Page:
Reducing physical losses as a result of leaks and evaporation include options such as lining irrigation canals and fixing leaks in urban water-supply systems can improve conveyance efficiency. Regular maintenance of infrastructure supports to maintain and archive water efficiency levels and is more cost-effective than rehabilitation or new infrastructure development (WEF, 2014). It does no good to develop a lot of new water infrastructure if it is not going to be maintained, as poor conditions lead to inefficiencies and major losses over time.
These technical measures have to be complemented by regulation and compliance (Tools B1) to limit commercial losses, through illegal connections or broken metering. Commercial losses can be identified by walk-through surveys and illegal connections can be legitimised as well as added to the network. Therefore, before considering expansion of distribution networks, or new supply systems, supply efficiency should be considered to reduce physical losses and NRW.
Supply efficiency can postpone major capital investments in supply infrastructure. However, interventions such as lining of irrigation canals to reduce conveyance losses is capital intensive. Hence, the cost-benefits of efficiency should be weighed and compared with the cost-benefits of new infrastructures through an economic analysis (Tool D1.01). On an equitability dimension, there may be trade-offs between efficiency and accessibility. Such as, the choice between expanding service to new users and making current infrastructures more efficient.
Intermittent water supply systems are prominent in many parts of the globe. These systems allow water to flow for limited times according to a recurring schedule helping to reduce water losses in damaged/poorly maintained systems. However, it faces challenges of water quality and accessibility while also potentially damaging metering systems (Vairavamoorthy, 2021). Intermittent water supply system schedules can be designed to match the required household demands (Andey and Kelkar, 2009).
Continuous Water Supplies are more convenient for water users. However, in order to have continuous supply of water, the water source must be resilient and reliable. This may require water storage systems that can bridge the seasonal water demand and supply gap. With increasing uncertainties due to climate change, storage plays a greater role in reliable and efficient supply (GWP, 2021). Having multi-purpose storage infrastructures (for irrigation, energy and municipal water supply), can maximise benefits and share associated risks.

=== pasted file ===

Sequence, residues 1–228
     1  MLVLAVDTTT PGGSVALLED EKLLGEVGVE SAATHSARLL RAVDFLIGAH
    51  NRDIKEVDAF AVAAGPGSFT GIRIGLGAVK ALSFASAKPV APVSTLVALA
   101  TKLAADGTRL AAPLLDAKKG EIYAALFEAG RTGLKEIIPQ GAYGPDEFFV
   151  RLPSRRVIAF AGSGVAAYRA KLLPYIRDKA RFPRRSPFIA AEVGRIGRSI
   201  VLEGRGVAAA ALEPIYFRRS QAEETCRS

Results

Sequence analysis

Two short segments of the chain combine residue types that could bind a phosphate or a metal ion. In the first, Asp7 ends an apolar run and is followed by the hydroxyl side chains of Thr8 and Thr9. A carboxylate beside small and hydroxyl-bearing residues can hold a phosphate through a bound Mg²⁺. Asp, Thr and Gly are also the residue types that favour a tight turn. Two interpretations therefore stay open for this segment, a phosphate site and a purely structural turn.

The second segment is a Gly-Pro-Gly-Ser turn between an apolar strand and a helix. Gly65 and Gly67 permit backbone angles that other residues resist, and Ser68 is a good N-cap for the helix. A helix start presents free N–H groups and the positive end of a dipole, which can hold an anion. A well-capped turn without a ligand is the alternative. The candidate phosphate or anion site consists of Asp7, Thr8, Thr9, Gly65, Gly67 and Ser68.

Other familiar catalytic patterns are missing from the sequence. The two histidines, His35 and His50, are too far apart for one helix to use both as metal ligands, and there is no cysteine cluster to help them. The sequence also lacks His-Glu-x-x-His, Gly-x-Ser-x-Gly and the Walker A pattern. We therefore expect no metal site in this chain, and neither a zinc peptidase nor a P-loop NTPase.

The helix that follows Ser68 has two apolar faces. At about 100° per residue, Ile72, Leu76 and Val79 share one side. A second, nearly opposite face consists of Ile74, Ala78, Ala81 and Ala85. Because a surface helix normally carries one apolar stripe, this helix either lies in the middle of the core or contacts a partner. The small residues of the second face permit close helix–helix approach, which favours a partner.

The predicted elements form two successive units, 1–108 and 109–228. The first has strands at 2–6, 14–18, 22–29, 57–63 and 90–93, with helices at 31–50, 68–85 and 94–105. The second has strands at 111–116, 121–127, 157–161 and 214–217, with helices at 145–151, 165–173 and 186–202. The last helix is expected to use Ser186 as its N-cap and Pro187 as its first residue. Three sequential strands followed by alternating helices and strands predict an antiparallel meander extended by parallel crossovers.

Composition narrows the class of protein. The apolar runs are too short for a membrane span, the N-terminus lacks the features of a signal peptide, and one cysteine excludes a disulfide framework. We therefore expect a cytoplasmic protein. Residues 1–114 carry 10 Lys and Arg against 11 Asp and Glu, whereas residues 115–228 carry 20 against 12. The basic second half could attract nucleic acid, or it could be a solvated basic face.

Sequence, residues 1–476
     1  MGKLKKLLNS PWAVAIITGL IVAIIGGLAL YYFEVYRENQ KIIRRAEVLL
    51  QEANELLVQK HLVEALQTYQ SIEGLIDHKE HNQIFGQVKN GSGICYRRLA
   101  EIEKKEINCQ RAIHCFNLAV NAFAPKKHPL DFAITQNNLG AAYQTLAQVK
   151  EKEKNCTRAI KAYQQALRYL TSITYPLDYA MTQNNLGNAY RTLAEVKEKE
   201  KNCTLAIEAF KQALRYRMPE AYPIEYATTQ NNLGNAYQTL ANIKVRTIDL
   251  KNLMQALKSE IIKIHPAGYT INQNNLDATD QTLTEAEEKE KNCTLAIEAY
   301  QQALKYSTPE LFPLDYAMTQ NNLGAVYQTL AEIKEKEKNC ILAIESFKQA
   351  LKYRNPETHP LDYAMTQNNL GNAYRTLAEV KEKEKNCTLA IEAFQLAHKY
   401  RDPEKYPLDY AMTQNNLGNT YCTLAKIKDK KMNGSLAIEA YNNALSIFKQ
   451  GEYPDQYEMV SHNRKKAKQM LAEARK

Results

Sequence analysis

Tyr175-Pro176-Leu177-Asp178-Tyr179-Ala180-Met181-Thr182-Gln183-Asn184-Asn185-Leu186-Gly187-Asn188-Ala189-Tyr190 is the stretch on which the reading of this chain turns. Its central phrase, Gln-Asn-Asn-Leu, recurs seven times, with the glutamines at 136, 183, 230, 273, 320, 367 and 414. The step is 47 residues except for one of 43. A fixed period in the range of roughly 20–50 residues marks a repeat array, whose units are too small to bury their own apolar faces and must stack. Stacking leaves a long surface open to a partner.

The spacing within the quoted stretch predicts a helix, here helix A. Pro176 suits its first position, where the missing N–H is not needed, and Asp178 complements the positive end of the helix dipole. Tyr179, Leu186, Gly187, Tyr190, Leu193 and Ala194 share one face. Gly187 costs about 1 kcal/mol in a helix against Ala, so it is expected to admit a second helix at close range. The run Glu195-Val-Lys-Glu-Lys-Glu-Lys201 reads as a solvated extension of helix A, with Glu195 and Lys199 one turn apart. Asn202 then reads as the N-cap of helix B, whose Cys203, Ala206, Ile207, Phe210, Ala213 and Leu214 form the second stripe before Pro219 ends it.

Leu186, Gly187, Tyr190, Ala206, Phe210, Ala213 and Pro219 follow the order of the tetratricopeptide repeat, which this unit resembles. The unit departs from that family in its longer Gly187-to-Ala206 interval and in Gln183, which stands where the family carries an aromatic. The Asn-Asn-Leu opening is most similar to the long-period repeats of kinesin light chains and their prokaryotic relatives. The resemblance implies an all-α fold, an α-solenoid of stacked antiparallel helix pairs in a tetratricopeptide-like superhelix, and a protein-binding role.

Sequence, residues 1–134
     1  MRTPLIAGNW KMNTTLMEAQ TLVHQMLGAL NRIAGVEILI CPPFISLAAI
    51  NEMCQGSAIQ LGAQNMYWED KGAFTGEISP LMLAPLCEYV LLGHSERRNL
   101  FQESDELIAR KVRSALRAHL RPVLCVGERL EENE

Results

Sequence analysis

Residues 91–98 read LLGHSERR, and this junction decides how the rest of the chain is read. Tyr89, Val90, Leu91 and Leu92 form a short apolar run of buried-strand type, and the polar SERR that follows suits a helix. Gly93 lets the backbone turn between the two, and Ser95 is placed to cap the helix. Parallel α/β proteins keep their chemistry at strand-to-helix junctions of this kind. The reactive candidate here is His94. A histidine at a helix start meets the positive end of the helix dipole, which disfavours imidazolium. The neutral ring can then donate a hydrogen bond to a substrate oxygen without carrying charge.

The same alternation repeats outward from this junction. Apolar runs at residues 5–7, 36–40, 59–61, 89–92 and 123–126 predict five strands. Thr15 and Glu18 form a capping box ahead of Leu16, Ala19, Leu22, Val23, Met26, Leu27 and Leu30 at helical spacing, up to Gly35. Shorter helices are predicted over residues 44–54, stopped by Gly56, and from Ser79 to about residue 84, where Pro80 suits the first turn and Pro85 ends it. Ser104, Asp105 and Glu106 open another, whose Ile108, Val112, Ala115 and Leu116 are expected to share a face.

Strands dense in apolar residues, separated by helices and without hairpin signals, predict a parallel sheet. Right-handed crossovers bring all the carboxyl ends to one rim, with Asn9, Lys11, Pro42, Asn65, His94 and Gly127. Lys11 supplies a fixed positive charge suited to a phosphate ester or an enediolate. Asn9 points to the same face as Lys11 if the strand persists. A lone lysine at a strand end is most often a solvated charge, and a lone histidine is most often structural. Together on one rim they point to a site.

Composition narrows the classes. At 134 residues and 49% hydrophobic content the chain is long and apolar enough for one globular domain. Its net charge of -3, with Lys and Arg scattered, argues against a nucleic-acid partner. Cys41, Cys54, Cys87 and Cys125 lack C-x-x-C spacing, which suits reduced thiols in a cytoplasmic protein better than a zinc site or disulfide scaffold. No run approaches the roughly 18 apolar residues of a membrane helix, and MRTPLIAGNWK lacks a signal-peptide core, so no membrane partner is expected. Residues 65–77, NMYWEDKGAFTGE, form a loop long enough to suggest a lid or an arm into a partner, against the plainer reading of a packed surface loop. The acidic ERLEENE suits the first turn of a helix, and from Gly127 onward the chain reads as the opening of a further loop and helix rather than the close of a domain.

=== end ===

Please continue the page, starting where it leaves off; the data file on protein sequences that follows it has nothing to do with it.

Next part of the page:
Key measures for improving water supply efficiency include:
- Universal and Zonal metering: This allows water utilities and consumers to monitor their water usage while also providing information for water accounting (Van der Berg, 2008). It can support reduction in water usage as well as better monitor water losses. A key point to note is that metering is only socially valuable if the benefit from reducing overconsumption exceeds the cost of metering itself (Ornaghi, 2021). Smart metering allows utilities and users to determine water consumption and operational status of conveyance systems in real-time (ADB, 2018). Identifying leakages in the system quickly and acting to fix them can limit water wastage.
- Irrigation canal lining: Irrigation Canal lining is an impermeable layer added to canals to make their surfaces smoother, allowing greater flowrates while also reducing seepage (Ding and Gao, 2020). A range of different materials can be used as the impermeable layer ranging from concrete, earth to geosynthetics. Irrigation Canal lining can prove very expensive and the reduction in seepage results in limited groundwater recharge.
- Leakage and pressure reduction: Leakages of a system must be continually monitored and systems must be maintained to prevent losses. Furthermore, pressure control can be an effective way to reduce leakage in water distribution systems. To further prevent bursting of pipes, Pressure Reduction Valves (PRVs) can be installed in the distribution system in an optimised through hydraulic modelling (García-Ávila et al., 2019).